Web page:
From Malevich’s autobiography, we know that he began his career as an artist in 1898, and that he was initially self-taught. However, from 1898 onwards, and up until 1907, when the first documented exhibition of his work took place, he made efforts to undertake professional artistic training, if only of a partial nature.
In Kiev, his place of birth, Malevich attended a drawing school. In 1904, after he moved to Moscow, he studied at one of the city’s private drawing studios. He explored all of the new European art movements, and little by little began to assimilate their various pictorial concepts.
His earliest, most premeditated and most serious artistic interest was Impressionism. In 1904, while viewing the collection of the Moscow-based art collector Sergei Schukin, Malevich had the opportunity to examine Claude Monet’s paintings of Rouen Cathedral. He never forgot that moment, and referred to it as a “great event”. “For the first time”, he wrote, “I saw the brilliant reflections of the blue sky represented in thick, clear tones. After that, I too became an Impressionist”.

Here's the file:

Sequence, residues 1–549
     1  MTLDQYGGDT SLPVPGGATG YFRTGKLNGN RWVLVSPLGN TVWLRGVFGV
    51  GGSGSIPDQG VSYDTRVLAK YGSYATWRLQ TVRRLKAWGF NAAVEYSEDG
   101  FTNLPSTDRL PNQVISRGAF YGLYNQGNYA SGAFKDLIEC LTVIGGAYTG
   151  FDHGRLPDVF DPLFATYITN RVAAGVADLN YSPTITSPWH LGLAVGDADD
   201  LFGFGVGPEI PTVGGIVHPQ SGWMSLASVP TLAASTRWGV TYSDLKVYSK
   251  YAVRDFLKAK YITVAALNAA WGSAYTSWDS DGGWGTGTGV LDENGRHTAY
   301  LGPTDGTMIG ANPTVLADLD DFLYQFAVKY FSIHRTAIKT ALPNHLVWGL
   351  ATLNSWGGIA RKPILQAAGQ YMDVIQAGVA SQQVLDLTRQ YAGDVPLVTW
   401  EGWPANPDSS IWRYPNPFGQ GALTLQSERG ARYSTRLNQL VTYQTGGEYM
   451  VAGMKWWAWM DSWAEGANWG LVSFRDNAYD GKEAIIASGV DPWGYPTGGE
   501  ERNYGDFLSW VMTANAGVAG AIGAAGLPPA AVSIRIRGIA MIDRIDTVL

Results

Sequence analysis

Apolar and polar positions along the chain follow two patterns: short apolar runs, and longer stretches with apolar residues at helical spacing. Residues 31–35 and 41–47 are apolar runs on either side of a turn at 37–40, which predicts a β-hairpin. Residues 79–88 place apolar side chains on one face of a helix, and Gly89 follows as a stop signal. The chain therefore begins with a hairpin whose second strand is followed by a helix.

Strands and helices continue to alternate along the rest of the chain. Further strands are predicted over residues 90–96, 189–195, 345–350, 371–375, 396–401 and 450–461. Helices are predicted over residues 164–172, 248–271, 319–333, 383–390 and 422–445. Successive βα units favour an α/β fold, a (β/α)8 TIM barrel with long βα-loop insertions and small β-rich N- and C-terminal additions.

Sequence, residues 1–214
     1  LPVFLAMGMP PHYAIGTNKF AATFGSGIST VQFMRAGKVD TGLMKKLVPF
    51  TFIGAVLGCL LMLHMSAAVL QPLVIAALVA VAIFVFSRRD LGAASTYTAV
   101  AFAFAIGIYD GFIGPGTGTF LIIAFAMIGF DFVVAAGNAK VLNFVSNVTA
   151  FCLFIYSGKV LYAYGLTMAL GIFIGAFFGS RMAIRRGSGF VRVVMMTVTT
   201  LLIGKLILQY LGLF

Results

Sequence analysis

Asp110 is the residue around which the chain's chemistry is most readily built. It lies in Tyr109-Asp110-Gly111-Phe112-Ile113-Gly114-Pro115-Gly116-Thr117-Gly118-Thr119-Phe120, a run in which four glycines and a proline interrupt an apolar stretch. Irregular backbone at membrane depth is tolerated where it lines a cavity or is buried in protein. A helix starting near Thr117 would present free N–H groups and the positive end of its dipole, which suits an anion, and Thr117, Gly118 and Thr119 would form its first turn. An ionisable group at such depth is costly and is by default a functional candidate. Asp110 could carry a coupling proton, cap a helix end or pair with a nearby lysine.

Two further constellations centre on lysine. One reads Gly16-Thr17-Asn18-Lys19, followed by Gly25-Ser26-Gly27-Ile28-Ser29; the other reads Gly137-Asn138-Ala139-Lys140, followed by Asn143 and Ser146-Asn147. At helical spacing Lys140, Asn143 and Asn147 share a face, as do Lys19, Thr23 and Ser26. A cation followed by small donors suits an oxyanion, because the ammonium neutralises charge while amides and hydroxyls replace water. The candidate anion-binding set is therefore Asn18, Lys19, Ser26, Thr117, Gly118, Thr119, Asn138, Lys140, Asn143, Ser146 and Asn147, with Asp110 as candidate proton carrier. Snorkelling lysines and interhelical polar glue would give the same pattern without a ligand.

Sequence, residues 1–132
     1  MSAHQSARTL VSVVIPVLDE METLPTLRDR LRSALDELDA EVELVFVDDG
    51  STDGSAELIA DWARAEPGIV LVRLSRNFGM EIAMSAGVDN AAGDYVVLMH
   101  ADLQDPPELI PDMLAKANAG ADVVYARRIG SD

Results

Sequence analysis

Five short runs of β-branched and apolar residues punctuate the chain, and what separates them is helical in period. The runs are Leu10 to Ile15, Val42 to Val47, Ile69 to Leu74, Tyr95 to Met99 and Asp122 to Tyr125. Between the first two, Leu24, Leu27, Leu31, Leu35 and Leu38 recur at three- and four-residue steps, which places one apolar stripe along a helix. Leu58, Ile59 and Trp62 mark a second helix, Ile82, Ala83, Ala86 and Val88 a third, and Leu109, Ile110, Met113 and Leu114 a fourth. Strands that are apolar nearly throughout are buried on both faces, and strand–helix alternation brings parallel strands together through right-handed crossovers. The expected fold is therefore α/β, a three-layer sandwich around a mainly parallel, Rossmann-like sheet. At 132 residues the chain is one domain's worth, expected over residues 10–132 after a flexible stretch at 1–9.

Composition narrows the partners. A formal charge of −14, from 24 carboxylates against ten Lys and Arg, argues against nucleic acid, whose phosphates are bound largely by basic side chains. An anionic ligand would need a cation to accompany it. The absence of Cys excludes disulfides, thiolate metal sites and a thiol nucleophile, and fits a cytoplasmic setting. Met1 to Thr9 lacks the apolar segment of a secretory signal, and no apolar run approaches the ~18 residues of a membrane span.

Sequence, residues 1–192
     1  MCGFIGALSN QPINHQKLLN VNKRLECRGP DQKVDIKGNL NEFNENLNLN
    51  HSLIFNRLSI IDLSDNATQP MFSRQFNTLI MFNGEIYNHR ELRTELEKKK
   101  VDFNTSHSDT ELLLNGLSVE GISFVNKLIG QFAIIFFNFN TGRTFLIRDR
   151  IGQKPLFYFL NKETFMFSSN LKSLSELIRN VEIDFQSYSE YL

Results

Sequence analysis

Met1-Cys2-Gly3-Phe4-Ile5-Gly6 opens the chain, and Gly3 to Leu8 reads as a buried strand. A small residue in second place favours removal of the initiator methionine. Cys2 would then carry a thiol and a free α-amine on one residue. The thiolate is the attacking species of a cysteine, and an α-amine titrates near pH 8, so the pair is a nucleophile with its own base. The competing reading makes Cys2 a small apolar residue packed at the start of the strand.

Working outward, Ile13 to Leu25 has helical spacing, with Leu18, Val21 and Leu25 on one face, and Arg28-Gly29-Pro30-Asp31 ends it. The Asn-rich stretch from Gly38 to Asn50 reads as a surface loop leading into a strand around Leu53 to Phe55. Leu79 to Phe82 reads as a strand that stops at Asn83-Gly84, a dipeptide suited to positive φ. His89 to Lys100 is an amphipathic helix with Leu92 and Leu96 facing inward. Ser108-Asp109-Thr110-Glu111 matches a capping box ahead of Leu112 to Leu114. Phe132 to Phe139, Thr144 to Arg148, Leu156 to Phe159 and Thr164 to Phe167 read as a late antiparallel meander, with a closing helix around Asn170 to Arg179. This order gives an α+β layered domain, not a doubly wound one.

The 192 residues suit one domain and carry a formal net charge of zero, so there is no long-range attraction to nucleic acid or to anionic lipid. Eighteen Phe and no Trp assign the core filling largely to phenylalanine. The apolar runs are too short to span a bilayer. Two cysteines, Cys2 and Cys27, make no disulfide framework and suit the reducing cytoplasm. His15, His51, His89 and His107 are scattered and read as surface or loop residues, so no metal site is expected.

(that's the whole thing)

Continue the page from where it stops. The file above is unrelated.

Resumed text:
This work, titled Landscape with Yellow House, was painted in 1906 and stands out for its refined combination of colors. On this occasion, Malevich chose the technique of pointillism, which involves placing dots of pure color onto the canvas in such a way that, from a certain distance, they resolve into the desired image. If we glance quickly at this painting, all we see is a series of colored splashes, all mixed up together. However, if we look at the canvas more carefully, the splashes resolve themselves into more familiar shapes and come together to create a comprehensible image. Malevich achieves this without detracting from his overall objective of articulating the painting’s theme through the interrelationship of different colors.